This renowned history of intersex in America has been comprehensively updated to reflect recent shifts in attitudes, bioethics, and medical and legal practices.
In Bodies in Doubt, Elizabeth Reis traces the changing definitions, perceptions, and medical management of intersex (atypical sex development) in America from the colonial period to the present. Arguing that medical practice must be understood within its broader cultural context, Reis demonstrates how deeply physicians have been influenced by social anxieties about marriage, heterosexuality, and same-sex desire throughout American history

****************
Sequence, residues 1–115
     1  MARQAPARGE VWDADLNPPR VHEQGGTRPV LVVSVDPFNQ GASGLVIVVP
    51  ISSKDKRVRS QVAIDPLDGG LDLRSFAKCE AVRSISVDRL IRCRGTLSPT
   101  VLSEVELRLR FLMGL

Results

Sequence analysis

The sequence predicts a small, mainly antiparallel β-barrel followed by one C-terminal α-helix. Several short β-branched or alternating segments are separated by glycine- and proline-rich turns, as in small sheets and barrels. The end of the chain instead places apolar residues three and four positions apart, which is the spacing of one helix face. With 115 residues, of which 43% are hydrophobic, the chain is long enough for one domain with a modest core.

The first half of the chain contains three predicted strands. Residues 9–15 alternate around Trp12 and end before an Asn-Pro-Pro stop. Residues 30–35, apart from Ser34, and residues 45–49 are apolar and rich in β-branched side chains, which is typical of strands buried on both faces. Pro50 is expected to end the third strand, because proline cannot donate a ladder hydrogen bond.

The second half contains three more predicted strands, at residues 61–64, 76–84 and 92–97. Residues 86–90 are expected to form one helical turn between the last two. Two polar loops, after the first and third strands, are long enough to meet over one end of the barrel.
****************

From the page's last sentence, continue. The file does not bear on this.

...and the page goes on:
In this second edition, Reis adds two new chapters, a new preface, and a revised introduction to assess recent dramatic shifts in attitudes, bioethics, and medical and legal practices. Human rights organizations have declared early genital surgeries a form of torture and abuse, but doctors continue to offer surgical "repair," and parents continue to seek it for their children. While many are hearing the human rights call, controversies persist, and Reis explains why best practices in this field remain fiercely contested.
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